This week I will be telling you all about the struggles I have with product photography for EV Designs. And how I overcome these challenges.
For this I usually take a selfie, or set my tripod up and put a timer on my camera. As more often than not, I am the only one in. It can be really tough to get a good quality photo this way, as with selfies it can be hard to get the whole design in, and with the camera and tripod it’s hard to focus the camera on the t-shirt properly.
To get the best lighting for my timer photographs, I usually set up outside, with a brick wall as my background. This works quite well, except sometimes there isn’t enough light on my face, due to where the sun is at certain times of day. I solved this problem by getting a clothes horse and tin foil, and I created my own light reflector. This was surprisingly successful!
Another part of timer photography that I struggle with, is getting the camera to focus on my t-shirts nicely. As when I set the timer, I am not in frame for the camera to focus on. To solve this, I usually make the camera focus on the brick wall, and stand almost right up against it. This makes the photographs to look focused enough. But I know that if I was able to purely focus on the camera side of things, it would be much easier to get the shots I am looking for. Being both in front and behind the camera does make the process take a LOT longer!
Photographing the items alone:
For the photographs of my t-shirts alone, I tried by putting the items on hangers and hanging them in front of a white(ish) wall.
But they came out dark, funny shapes and frankly unappealing.
Honestly, this got me down. It can be hard sometimes, working alone. As you don’t have that support and idea bouncing that you do in a team.
Some people make t-shirts look amazing and effortless on hangers (as I have seen on Pinterest!), but I am clearly not one of those people!
So it was just me and my crappy photographs and I felt stuck.
Luckily I moaned about it to my friend Zoe, and she set me straight. With her help I got back on the right path, and my mood was lifted. (I told you she was alright!)
So I tried laying the t-shirts on the floor. This gave them better dimension, due to the angle of the light coming through the window, as it gave a nice shadow.
It also made my life easier, as I wasn’t fighting with gravity, trying to get the t-shirts to lay nicely.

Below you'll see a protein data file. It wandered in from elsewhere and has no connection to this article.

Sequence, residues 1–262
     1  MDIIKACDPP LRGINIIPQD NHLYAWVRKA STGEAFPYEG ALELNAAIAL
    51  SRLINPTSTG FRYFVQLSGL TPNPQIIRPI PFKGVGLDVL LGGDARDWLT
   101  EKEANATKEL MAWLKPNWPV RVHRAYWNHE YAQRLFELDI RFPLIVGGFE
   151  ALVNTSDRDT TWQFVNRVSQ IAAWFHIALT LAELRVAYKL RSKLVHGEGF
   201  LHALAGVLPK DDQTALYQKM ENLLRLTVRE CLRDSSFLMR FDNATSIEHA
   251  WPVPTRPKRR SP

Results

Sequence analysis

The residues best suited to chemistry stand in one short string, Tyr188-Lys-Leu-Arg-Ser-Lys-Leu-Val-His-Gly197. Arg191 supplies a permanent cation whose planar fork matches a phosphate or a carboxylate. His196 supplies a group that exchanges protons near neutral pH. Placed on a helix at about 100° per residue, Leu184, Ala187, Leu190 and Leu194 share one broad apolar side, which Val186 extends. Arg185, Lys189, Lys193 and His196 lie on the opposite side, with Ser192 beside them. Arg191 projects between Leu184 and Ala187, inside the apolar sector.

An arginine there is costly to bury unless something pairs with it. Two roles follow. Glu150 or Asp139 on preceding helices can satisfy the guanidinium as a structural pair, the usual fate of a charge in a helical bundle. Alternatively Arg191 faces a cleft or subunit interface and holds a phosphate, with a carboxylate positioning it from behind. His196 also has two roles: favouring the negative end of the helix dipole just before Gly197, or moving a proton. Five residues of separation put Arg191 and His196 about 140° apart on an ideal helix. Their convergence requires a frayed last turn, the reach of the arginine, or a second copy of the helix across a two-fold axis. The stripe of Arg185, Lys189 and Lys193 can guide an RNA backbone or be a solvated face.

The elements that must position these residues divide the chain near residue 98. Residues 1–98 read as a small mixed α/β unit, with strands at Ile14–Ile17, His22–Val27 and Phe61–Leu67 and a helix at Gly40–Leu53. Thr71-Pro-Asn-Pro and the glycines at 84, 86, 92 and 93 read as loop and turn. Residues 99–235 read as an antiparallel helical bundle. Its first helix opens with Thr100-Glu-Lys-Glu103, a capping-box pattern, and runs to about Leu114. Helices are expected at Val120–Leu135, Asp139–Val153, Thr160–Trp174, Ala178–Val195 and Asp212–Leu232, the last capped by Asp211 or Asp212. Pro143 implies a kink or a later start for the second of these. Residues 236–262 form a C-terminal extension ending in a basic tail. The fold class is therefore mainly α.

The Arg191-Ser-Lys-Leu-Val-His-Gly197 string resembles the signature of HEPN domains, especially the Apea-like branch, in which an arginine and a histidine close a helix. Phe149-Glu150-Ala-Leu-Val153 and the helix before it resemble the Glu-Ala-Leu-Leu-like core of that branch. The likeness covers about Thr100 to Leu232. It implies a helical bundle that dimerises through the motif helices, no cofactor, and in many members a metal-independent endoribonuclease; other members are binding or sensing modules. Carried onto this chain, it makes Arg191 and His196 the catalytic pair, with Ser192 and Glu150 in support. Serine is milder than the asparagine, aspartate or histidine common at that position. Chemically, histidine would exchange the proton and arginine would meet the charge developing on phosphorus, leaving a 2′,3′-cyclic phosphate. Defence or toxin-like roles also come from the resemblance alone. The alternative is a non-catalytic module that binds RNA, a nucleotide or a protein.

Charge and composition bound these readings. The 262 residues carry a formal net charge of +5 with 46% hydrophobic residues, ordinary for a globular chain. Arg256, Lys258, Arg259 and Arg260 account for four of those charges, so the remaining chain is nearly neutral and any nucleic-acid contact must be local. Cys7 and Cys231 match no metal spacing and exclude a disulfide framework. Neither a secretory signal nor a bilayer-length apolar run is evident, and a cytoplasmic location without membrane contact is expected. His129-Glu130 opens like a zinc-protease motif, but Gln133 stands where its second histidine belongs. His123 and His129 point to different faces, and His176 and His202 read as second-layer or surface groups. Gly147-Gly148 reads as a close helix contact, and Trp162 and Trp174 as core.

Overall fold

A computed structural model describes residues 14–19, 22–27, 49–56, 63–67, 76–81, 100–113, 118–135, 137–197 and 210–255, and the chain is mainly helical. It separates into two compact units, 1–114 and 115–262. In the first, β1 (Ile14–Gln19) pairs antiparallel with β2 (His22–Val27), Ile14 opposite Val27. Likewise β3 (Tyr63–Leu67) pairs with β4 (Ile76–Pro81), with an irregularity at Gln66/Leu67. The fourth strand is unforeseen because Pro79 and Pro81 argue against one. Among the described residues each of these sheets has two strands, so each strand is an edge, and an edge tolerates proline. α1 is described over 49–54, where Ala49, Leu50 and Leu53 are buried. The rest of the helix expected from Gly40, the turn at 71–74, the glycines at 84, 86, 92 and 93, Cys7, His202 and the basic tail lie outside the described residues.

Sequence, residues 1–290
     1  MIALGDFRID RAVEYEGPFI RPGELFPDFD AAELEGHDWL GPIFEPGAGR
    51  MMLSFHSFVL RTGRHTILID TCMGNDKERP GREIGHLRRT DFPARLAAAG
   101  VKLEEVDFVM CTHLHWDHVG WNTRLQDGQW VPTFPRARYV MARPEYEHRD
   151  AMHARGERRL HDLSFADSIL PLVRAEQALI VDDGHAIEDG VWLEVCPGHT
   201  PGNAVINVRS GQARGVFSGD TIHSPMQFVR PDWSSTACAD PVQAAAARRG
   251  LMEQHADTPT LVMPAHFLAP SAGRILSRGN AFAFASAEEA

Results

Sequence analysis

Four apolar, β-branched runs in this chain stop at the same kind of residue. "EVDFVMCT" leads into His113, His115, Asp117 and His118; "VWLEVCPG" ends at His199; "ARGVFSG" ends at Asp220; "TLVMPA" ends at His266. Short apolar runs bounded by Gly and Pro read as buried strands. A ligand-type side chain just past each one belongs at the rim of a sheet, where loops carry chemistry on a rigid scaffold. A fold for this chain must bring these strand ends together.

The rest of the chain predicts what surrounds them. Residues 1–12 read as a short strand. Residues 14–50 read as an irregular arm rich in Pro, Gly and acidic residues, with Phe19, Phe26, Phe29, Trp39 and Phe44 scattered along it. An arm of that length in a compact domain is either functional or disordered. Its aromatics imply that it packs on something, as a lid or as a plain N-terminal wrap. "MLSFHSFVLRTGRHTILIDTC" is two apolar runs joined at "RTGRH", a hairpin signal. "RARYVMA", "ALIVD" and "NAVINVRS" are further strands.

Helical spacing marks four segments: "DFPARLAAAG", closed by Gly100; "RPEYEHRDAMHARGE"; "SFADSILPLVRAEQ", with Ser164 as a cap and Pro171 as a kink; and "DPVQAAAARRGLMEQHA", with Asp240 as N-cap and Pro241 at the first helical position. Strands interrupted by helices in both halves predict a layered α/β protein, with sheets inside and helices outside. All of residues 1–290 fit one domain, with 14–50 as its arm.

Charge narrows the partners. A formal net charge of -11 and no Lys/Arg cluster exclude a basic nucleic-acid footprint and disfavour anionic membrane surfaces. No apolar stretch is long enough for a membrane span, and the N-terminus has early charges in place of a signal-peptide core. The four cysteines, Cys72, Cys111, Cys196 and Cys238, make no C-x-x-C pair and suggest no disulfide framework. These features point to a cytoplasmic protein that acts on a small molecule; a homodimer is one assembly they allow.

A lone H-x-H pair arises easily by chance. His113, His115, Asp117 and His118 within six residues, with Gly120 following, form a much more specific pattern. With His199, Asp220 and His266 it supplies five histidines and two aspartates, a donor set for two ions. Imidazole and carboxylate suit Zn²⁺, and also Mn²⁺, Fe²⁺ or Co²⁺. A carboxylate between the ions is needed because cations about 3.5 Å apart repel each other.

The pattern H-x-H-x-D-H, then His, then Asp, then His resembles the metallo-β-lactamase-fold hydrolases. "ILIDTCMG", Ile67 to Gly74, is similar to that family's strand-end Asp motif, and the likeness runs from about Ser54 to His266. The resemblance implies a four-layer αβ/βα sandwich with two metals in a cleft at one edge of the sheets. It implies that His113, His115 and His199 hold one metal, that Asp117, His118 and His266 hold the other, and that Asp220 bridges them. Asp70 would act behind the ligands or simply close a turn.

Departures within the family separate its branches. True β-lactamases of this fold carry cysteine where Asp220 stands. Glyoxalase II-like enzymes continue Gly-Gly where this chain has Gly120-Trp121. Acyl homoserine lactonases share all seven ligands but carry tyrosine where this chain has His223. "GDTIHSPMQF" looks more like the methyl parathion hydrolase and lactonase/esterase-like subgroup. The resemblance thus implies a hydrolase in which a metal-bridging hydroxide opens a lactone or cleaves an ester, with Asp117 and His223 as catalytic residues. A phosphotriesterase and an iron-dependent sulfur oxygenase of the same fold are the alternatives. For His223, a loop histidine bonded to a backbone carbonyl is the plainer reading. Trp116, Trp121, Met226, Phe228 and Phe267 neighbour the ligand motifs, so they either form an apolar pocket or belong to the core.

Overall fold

The only problem was, that my carpet is from the 70s and a bit odd looking. So the images didn’t look very professional.
I then ran around looking for a white background! Eventually I taped together 15 pieces of white paper and laid them on the floor in front of a window (a good source of natural light). I then laid the item in the centre and smoothed out all the creases on the garment (sometimes using an iron, if the creases were really bad!). Using my camera I then took the photographs (usually just on AUTO, but I manually focus the shot).
Once I had taken the photographs, I put them on my laptop and edit the images on Photoshop (as shown in my video below).
This is the first time I have used this method of product photography, and so far I am very pleased with the results.
Right. The funny thing is. That I do photography for my friend Zoe (Glow Galaxy Art), and the photographs she requires seem much more complex than mine. As for her’s we need a progression of images getting darker, with the paintings glowing. So we play around with the shutter speed and ISO, etc. until we get the images perfect. But I find this 100 times easier than my standard, daylight images! We usually take a few minutes to test out the settings, but once I have sorted out what settings work for the room, we are off and usually get the photographs straight away!
But that took a whole day, and I feel bad asking for a whole day out of people’s lives.
Never the less, this year I will arrange more and get a variety of images for social media and my website!
If you are interested in modelling for us (unpaid), please contact us.
That is the struggles I have encountered so far, but I am sure there are plenty more struggles to come!
Next week’s blog post will be about Why Custom Design Clothing is the next big thing in 2018!
If you missed last week’s, please click here.